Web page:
Family Circle seems one of the most unlikely homes for JDM fiction. Begun in 1932 as a giveaway periodical in then-newly emerging supermarkets such as Safeway and Piggly Wiggly's, the magazine was aimed squarely at housewives, with features on cooking, cleaning, sewing and childrearing. There were also the seemingly mandatory features on Hollywood stars, although these articles contained nothing that would be considered gossip or innuendo. Indeed the premier issue featured Joan Crawford and Bing Crosby on the cover. And, like almost every other magazine of the era, Family Circle contained fiction -- usually two original short stories per issue -- written by third-rung mainstays of the industry of the time, authors like George Sumner Albee, Dana Burnet and Nelia Gardiner White, people whose work is virtually unknown today to all but a handful of readers.The artwork that accompanied these stories was illustrated by some of the great names of the era, artists like Peter Stevens, Richard Hook and Ernest Chiriaka, and their artwork in Family Circle is indistinguishable from their work in the higher-class slicks.
John D. MacDonald came to Family Circle relatively late in the game, at a point where his short story writing had taken a back seat to his novels. "That Strangest Month of All" appeared in the October 1959 issue of the magazine and was one of only two shorter works he would have published that year. Coming in at a tidy 5,000 words, the author employed an oft-used premise that bears a close resemblance to Stanley Ralph Ross' 1952 short story "You Got To Have Luck" (and probably dozens of other tales), where a housewife, living in a remote location, is home alone and terrorized by an escaped bad guy. In Ross's tale it is a convict, in MacDonald's, an escaped mental patient. And MacDonald, as he often did when featuring a female protagonist, uses the plot to tell a morality tale, where wishing for more, or simple unhappiness seems to be the causation of the events that follow. Not a very progressive notion, especially in a male writer (see his "Jail Bait" and "Pickup") but I think here the author was attempting something a little deeper than simply a story about a woman in peril. Much of the writing deals with the mental process of fear, as the heroine (in third person limited narrative) is suddenly confronted and then held captive by a powerful lunatic.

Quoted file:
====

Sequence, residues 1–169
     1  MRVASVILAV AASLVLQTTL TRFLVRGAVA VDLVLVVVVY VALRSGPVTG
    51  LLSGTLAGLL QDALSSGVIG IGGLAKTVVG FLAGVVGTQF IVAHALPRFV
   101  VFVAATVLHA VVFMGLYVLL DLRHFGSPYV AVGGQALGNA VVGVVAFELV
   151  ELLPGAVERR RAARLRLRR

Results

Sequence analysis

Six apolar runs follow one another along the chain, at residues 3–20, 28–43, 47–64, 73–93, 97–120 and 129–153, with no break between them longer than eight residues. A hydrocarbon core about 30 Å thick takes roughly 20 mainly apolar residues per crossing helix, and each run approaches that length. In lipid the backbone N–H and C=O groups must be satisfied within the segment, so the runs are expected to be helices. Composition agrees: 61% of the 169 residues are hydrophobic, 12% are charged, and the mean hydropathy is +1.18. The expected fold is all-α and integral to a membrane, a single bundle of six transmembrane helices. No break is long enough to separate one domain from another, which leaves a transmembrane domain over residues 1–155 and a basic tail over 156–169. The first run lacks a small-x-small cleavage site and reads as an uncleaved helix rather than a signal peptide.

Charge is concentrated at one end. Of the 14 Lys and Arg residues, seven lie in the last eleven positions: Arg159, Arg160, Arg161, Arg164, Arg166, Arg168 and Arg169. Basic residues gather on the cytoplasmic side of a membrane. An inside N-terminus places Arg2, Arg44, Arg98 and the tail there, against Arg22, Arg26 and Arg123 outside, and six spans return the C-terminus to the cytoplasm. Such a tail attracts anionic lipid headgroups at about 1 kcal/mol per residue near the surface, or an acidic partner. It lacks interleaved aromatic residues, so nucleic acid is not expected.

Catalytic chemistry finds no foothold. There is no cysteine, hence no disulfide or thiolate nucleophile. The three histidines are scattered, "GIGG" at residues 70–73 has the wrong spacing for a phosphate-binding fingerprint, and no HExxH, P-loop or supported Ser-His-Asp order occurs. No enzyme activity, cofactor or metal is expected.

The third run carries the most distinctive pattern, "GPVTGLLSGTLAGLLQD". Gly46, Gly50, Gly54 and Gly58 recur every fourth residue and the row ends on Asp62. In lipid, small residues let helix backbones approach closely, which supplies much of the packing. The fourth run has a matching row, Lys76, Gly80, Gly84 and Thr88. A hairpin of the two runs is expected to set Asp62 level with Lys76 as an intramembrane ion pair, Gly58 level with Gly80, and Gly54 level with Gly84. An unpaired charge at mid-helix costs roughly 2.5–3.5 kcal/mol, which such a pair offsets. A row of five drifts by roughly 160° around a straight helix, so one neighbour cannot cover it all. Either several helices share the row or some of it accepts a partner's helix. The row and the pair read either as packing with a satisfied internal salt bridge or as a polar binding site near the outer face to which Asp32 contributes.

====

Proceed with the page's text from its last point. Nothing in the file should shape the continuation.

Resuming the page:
"She was a wife named Susan, a slim tanned woman with a soft cap of black hair, a lively face, but with a brooding inward look, an air of containment. She was called Susan. Not Sue. Not Suzy."
Susan and family (MacDonald's typical four-member family unit) live on an old farm, fourteen miles from an "industrial city" and barely within visual distance from their nearest neighbor. Husband Paul has left for work and the school bus has left, carrying her two children to morning classes. It is a day of "incomparable stillness and clarity," with the sun shining in a cloudless sky and warm enough for Susan to put on her "treasured and threadbare yellow sun suit" so she can finish sanding an old drop-leaf table out in the large backyard.